All parents are teachers. In fact, most people don’t realize that WE are a child’s most important teachers in life because we lay the foundation for a lifetime of growth, experience, and discovery.
Kids who are given daily opportunities to experience language, to build vocabulary, and to actively engage with others acquire a solid ‘bank’ of prior knowledge. This prior knowledge is similar to what we know as ‘software’ in a computer. The more prior knowledge a child has, the greater the ability to bring meaning to the written word. So what does this mean exactly?
It means that as parents, we need to do everything possible to give kids a strong foundation that consists of prior knowledge, vocabulary, critical thinking, modeling, and daily opportunities to read and write.
Here are some simple, inexpensive, and effective ways that you can encourage reading, writing, speaking, and listening at home:

READ to your child. READ with your child. Let your child READ to you.

WRITE to your child. WRITE with your child. Let your child WRITE to you.

TALK about what you are thinking with your child. TALK about what you hear your child saying. Let your child TALK to you.

LISTEN to your child. Teach your child HOW to listen and follow directions.

Now here a few questions to ask yourself as you nurture the reader, writer, and thinker in your child:

How does my child feel about himself or herself as a reader and writer?

Do I read a variety of books and written materials to my child every day?

Is my child able to discuss the cover and pictures in a book prior to reading?

When my child reads do me, what does he/she do with words that are new or difficult?

Is my child saying anything that his/her teacher should know (e.g., “These books are way too easy!” “I don’t like reading group…it’s boring.” “When can I read harder books?” “Why do I have to do this at night?” “I don’t get why we have to read books in class that we’re not interested in.” “Why do I have to go to that ‘other’ teacher for reading and writing every day?” “I don’t like to write . . . it’s boring and hard.”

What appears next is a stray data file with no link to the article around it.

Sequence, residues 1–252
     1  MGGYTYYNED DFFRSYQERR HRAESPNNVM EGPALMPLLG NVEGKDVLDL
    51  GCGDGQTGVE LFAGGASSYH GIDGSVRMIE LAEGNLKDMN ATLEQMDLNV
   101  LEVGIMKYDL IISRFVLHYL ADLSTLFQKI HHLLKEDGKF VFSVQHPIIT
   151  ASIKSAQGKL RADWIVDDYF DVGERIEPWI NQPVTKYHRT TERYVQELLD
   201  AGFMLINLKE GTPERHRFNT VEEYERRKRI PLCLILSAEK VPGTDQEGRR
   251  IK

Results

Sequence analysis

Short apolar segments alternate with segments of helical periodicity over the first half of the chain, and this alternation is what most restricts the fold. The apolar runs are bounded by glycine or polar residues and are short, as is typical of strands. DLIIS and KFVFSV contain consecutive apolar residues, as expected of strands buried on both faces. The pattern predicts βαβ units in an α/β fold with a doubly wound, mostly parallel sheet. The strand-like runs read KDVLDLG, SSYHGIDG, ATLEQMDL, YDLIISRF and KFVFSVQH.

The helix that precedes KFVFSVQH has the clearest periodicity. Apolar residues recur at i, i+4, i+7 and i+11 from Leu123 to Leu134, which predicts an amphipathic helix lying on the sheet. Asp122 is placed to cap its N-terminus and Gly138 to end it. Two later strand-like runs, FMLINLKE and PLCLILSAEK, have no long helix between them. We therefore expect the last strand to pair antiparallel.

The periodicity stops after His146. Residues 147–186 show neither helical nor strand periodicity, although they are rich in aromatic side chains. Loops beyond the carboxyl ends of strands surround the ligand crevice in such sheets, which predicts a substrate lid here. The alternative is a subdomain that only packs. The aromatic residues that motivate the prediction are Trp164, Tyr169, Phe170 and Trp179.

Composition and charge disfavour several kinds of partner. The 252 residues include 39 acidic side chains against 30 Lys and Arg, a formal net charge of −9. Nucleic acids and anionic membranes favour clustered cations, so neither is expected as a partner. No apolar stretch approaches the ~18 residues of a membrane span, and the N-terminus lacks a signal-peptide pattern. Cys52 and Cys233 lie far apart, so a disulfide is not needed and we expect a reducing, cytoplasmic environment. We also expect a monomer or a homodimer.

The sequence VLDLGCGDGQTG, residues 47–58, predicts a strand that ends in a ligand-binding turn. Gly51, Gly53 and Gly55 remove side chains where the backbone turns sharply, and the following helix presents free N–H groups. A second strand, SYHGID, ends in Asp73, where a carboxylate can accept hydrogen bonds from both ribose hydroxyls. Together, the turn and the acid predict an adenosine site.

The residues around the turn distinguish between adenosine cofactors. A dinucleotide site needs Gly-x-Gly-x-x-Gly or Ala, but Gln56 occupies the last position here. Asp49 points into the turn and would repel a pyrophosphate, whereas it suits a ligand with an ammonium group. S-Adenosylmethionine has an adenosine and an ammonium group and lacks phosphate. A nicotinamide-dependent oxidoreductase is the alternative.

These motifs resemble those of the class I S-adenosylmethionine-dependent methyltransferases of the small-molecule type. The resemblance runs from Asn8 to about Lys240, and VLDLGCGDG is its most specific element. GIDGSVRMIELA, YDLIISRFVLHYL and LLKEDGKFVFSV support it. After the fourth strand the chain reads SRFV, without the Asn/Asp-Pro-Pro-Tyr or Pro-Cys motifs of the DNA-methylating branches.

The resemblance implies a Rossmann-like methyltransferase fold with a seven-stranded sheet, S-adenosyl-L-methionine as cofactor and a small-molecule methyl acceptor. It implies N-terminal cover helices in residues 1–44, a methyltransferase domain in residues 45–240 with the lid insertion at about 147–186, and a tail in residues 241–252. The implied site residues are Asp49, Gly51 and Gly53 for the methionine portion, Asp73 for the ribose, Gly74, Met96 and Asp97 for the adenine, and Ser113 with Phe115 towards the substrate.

How does my child respond when asked questions about a story or when asked to retell a story we read together?

Does my child hold a pencil correctly? (Pencil/pen resting on 3rd finger with thumb and pointer finger ‘pinching’ it.)

Do I show my child what writing looks like by writing to him/her daily?

Do we talk in the car?

Do we talk during meals?

Do I ask my child questions that require only a ‘yes or no’ answer? If so, how can I reword my questions so this doesn’t happen so often?

Do I model good reading, writing, and thinking skills for my child every day?

The most important thing to remember is that we all learn by ‘doing.’ When children are exposed to environments where they can freely express themselves, share ideas through art, music, drama, and the written word, and use books to learn and grow, they become confident in their ability to READ, WRITE, and THINK independently.
Are you a parent? If so, you are a teacher.
Teach them well. Parent them well. Love them well.
Then sit back and watch them soar!
Guest Blogger: Dr. Connie Hebert, National Literacy Consultant & Author
Dr. Connie Hebert is dedicated to catching falling readers by motivating, teaching, and inspiring educators around the world.  She has presented literacy seminars, district trainings, and keynote addresses in 47 states and at national, state, European IRA, NAESP, and RRCNA reading conferences. She is the mother of 3 amazing children, a nationally acclaimed teacher of teachers, reading specialist, and motivational speaker. Published works include her books, Catch a Falling Reader, Catch a Falling Writer, and Catch a Falling Teacher, along with 4 sets of Sight Word Phrases. For more information and her Catch a Blog, please visit:
Dr. Connie is also an expert at helping parents engage with their kids at home. Her upcoming book, The Teachable Minute: The Secret to Raising Smart & Appreciative Kids, offer lots of suggestions for what to SHOW, ASK, & TEACH kids in 77 common places. Watch for it…coming this February, 2013.
Facebook: Connie Hebert
Twitter: DrConnieHebert

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